Jay CabozBy Jay Caboz|September 21, 2021|9 Minutes|In Billionaire Tomorrow

Billionaire Tomorrow

High school virtual! An online dream or nightmare for the poor ?

As a new virtual high school prepares to open its online classrooms to the continent, questions are being asked about whether it will herald an online boom in education or merely be another perk for the rich.

High school in Africa. Polishing your shoes the night before; a blazer and grey pants on the next crisp morning. A wooden desk and the squeak of chalk on the black board.

An innovation from the University of Cape Town (UCT) could make all of this a mere memory for thousands of African school children for generations to come.

This is because UCT is planning to be the first university in Africa to open a virtual high school with pupils on laptops far from the squeak of chalk.

In January 2022, theUCT Online High School will start teaching grades 8 to 12 South Africa’s national Curriculum with a broad range of subjects. The university says it has already signed up 4,000 children from all walks of life in a number of  African countries online.

“We can’t keep doing the same things over and over and expect different results. We need to disrupt basic education,” said Professor MamokgethiPhakeng, UCT vice chancellor.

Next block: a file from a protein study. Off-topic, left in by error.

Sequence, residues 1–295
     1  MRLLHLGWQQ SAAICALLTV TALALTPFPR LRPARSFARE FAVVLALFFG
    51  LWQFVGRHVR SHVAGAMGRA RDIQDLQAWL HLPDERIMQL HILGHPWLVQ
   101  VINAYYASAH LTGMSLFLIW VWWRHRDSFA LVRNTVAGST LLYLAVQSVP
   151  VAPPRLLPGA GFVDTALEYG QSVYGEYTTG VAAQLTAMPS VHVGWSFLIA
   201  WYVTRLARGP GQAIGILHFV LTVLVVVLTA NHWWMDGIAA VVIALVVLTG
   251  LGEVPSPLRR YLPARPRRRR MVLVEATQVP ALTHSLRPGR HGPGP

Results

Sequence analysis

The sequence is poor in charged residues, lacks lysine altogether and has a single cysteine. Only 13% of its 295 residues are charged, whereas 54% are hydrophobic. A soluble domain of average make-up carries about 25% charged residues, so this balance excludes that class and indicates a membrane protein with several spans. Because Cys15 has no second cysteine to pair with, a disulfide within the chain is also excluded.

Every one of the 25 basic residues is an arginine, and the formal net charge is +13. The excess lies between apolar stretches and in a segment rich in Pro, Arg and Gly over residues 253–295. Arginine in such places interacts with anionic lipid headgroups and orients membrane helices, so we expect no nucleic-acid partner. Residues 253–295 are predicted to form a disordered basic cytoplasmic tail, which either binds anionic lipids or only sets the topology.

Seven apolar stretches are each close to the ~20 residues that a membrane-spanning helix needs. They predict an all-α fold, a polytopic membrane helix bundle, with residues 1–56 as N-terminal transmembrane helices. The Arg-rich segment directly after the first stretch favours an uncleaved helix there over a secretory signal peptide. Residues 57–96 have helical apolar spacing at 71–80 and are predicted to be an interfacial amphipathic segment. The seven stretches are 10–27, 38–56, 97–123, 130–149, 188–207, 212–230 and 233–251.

Phakeng is no stranger to struggling for education. She started school in the Marapyane village and then Ikageng Primary, in Ga-Rankuwa, a settlement 37km north-west of Pretoria. She grew up to become the first black female South African to obtain a PhD in mathematics education on her way to leading a university.

It is urgent that we get every child back into the classroom, safely, now.

“The most important tool every South African needs is affordable, quality education that will qualify them for employment or a university degree. This is the only way we can close the inequality gap in this country. This is a necessity not only for the university sector, but for everybody in the country.”

According to UNESCO, of all regions sub-Saharan Africa is one of the hardest places to be educated in the world. More than one-fifth of children between the ages of six and 11 don’t go to school; neither do one-third age 12 and 14. Worse still, almost 60% of sub-Saharan Africans aged 15 and 17 don’t go to school at all.

South Africa is no exception. Covid-19 has made it worse with an estimated half a million learners – the population of a fair sized city – dropped out of school over the past year and a half. Learners can beas much as 75% to a full school year behind where they should be, reported Unicef, in July.

The most vulnerable children are those living in informal urban and rural settings, now up to 750,000 not in school.

“The reality is that South Africa cannot afford to lose another learner or another hour of learning time,” said Christine Muhigana, UNICEF South Africa Representative. “It is urgent that we get every child back into the classroom, safely, now.”

What has been a saving grace for education has been the switch to blended learning where teachers work remotely through online, radio and TV. Both Stanford University and George Washington University in the United States run successful online high schools.

“Remote learning has been a lifeline for some children but for the most vulnerable in South Africa, even this was out of reach,” said Muhigana.